Over the last two decades insurance markets across the globe have changed dramatically. The blanket distribution model of insurer-to-broker-to-consumer has gone forever, as direct writers, the internet, online aggregators and a host of other channels have emerged.
Clearly the market today is totally unlike that of 20 years ago and predicting with any accuracy how the distribution landscape will look in another 20 years is practically impossible, but we do know it will be different from today.
“Yet,” says Rhys Collins, Country Manager for SSP, “we can benefit from the lessons learned over these years. There are a couple of constants that all industry players would do well to keep in mind. The first is the principle of getting the right products to the right people at the right time. The second is that at the heart of this changing landscape lies the application of technology, and in particular, system connectivity within an organisation and with outside partners and suppliers – potentially the entire insurance value chain.”
Collins says insurers and brokers simply cannot ignore the developments happening around them – because their own customers are expecting them to take part. “The list of customer wants is age-old: a trusted brand, a competitive price, fast and hassle-free service, good advice and overall value for money. But in today’s multi-channel world they also expect an integrated service, where they can use any one of the available channels for the same piece of business.”
Collins says if the insurance organisation cannot offer this integrated service, it risks losing business and ultimately damaging its brand as the generational changes continue over time.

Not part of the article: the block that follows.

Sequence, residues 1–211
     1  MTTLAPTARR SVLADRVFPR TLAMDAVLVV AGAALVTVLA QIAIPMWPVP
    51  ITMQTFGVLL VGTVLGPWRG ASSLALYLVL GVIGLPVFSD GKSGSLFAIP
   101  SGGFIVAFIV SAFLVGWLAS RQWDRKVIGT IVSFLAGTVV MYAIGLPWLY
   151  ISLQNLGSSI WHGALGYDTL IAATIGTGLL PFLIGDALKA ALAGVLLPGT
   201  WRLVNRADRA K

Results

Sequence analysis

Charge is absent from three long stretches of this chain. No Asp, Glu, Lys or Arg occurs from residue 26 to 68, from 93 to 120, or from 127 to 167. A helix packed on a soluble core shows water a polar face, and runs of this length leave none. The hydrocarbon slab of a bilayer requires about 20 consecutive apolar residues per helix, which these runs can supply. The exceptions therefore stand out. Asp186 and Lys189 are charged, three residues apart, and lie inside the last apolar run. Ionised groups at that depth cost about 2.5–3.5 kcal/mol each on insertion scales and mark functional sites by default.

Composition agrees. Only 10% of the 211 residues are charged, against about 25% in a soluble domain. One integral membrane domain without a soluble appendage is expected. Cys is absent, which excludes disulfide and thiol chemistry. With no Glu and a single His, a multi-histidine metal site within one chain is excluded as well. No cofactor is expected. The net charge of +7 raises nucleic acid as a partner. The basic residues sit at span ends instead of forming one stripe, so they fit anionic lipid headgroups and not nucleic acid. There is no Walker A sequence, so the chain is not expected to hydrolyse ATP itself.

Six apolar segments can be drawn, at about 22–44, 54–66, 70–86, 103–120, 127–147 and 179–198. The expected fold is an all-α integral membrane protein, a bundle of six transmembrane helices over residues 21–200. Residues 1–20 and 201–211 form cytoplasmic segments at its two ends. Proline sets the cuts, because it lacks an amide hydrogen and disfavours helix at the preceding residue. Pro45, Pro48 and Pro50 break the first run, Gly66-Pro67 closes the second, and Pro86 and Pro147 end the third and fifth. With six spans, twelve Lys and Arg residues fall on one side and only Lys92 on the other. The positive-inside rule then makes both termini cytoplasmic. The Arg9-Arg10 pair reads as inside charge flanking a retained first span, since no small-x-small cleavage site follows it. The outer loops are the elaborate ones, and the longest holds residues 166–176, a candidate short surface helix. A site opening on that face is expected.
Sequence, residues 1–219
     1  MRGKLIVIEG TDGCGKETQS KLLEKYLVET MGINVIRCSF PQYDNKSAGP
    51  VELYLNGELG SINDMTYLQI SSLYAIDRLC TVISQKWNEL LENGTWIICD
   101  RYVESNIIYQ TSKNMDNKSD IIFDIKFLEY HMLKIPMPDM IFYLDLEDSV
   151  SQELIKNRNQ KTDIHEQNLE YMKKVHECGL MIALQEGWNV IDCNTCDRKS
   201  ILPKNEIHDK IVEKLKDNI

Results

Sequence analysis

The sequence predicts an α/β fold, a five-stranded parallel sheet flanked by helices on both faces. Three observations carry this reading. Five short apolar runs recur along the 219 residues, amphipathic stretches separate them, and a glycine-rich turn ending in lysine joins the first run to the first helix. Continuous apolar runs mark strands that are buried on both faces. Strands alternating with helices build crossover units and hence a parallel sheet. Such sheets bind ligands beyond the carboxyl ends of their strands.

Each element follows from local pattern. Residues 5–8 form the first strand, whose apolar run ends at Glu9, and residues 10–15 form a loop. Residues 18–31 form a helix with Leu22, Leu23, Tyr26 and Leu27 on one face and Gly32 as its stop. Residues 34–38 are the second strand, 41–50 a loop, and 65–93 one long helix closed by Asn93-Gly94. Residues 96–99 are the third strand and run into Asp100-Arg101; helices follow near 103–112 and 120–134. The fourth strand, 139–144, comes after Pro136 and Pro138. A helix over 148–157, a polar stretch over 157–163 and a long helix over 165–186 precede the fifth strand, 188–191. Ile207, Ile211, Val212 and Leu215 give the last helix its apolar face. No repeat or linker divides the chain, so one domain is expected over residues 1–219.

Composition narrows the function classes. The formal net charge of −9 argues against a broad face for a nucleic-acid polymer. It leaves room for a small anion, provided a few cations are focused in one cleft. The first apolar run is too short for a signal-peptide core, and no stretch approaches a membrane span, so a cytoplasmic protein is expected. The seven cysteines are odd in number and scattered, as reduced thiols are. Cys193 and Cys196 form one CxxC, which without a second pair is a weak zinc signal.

And of course in today’s diverse environment, it’s not just the customer who has these demands. So too do outside partners and suppliers. The challenge is to reduce costs throughout the supply chain, while actually improving customer service, spending more time selling insurance and responding to market opportunities and future compliance requirements quickly and cost-effectively. “The sensible application of technology is the key to meeting this challenge. But the established industry players have been relatively slow to take up new technology, especially when compared to their peers in other industries, such as banking and travel,” says Collins.
He says one of the reasons for this is the ‘legacy conundrum’. Insurers keep IT systems for at least 15 years on average, and brokers 10 years. The cost of ownership of these legacy systems may appear low but is often actually high, as usually more than 70 per cent of the IT budget is spent on maintenance. This impacts on the ability to make business process changes quickly and cheaply. In turn, this discourages or at least delays improving business effectiveness and efficiency, reducing the funds available for investment in new technology.
Legacy systems limit the agility insurers and brokers need today to compete. “If it’s impossible to call up all the products a client has in one place, as is too often the case, it’s no surprise some industry players abandon the idea of integrated multi-channel distribution altogether,” he says.